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Foam chunks in Discovery launch no problem: NASA official

by Staff Writers
Cape Canaveral, Florida (AFP) May 31, 2008
Five thin pieces of insulating foam broke off the external fuel tank during the launch of the shuttle Discovery Saturday, but they are not believed to have damaged the shuttle, a NASA official said.

"We saw maybe five pieces of foam break away... We don't consider this a big thing," said Bill Gerstenmeier, NASA associate administrator for space operations.

"They were late in the ascent. They can't build up enough velocity that they can hit the orbiter" and cause any significant damage, he said.

Gerstenmeier said the pieces broke off later that the first two minutes and 15 seconds of the flight, when officials of the US space agency say the danger to the shuttle from shedding insulation foam is greatest.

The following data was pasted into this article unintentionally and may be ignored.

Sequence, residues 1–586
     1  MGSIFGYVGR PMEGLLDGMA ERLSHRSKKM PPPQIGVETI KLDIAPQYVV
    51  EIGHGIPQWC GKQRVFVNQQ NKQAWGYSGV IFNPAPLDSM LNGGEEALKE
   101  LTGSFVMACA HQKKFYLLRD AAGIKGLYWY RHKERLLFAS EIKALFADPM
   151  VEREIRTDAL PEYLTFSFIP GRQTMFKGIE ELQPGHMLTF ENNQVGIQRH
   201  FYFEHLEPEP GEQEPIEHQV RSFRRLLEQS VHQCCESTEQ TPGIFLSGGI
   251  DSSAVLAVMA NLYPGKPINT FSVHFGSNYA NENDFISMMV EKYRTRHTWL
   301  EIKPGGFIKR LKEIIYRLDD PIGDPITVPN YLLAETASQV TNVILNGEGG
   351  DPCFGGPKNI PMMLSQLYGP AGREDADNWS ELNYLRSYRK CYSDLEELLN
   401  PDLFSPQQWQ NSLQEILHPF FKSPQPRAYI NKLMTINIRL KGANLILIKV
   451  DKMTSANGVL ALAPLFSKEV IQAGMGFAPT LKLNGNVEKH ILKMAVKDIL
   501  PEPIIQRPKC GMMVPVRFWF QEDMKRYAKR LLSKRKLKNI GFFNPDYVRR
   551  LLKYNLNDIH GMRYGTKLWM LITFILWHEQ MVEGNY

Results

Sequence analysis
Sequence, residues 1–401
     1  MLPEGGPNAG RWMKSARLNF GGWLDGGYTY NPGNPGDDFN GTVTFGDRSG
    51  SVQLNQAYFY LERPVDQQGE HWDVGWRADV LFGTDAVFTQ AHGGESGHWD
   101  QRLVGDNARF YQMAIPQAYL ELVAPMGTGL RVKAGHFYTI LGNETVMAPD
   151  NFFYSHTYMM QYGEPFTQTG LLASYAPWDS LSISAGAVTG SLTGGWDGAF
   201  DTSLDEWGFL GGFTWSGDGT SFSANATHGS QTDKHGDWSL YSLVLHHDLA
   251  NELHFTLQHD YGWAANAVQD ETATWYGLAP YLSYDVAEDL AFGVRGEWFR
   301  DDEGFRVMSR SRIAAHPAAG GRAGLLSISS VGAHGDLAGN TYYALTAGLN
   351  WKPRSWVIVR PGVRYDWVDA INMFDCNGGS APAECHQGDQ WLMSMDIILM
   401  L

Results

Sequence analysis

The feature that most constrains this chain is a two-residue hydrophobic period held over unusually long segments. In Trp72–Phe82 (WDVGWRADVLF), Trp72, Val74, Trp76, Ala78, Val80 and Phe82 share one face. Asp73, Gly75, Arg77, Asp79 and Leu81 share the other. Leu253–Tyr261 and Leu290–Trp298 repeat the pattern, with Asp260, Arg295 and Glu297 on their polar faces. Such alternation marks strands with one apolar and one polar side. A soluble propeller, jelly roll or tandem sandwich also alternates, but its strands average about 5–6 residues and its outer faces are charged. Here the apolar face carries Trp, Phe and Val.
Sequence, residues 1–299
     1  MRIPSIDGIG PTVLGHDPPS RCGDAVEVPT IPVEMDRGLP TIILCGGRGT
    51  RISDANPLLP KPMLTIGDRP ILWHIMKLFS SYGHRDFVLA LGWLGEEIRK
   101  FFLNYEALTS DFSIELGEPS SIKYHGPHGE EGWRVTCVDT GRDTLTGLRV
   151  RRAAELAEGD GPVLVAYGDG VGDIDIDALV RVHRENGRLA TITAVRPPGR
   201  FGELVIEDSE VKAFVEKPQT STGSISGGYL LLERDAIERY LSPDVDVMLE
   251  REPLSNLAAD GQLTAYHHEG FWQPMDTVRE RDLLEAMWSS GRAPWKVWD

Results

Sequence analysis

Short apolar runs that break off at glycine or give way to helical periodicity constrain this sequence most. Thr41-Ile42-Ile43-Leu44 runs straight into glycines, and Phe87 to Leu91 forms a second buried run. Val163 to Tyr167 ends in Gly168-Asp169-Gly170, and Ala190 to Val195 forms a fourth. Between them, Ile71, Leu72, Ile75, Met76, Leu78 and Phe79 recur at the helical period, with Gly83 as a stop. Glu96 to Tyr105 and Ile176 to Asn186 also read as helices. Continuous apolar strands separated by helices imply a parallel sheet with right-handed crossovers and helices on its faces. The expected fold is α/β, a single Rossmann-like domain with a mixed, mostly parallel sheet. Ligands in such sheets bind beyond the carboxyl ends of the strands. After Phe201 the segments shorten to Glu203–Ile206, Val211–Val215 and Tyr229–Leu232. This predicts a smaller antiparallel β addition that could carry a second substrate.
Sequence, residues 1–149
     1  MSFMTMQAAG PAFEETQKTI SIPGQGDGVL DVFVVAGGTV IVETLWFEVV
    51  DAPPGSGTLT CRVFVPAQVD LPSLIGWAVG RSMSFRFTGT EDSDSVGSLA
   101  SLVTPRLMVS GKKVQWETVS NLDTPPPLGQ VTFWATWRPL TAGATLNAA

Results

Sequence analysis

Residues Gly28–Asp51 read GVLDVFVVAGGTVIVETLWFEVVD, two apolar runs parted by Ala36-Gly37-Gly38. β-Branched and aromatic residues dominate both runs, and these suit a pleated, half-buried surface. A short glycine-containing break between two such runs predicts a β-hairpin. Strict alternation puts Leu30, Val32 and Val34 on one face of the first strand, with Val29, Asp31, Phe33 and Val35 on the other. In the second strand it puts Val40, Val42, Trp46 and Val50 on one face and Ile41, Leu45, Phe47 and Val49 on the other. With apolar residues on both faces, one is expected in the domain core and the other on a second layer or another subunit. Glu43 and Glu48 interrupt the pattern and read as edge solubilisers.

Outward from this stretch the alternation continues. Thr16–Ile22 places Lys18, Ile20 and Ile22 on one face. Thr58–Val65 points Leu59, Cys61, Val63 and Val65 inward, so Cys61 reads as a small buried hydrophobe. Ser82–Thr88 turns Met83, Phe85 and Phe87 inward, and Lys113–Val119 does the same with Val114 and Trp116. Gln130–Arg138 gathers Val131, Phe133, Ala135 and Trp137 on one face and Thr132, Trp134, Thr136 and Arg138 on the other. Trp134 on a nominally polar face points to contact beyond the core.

Chunks of foam from the massive external fuel tank damaged the insulation tiles on the Columbia shuttle during its January 2003, leading to its tragic breakup during reentry that February 1, killing all seven astronauts aboard.

Gerstenmeier said that the first piece to break off in Saturday's launch several seconds past the danger period did not strike the shuttle, and that later ones may have hit but did not have enough velocity to harm the shuttle.

"They may be large in size but they appear to be lightweight," he said.

Gerstenmeier said that otherwise the launch of Discovery, carrying the main pressure module of Japan's Kibo space station, along with one Japanese and six American astronauts, was near perfect.

"What a great day for the launch, things were really smooth," he said.

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Japan astronaut's fans celebrate shuttle launch
Tokyo (AFP) June 1, 2008
Japanese space enthusiasts on Sunday celebrated the successful launch of the US shuttle Discovery, carrying the key unit of a Japanese research laboratory to the International Space Station.

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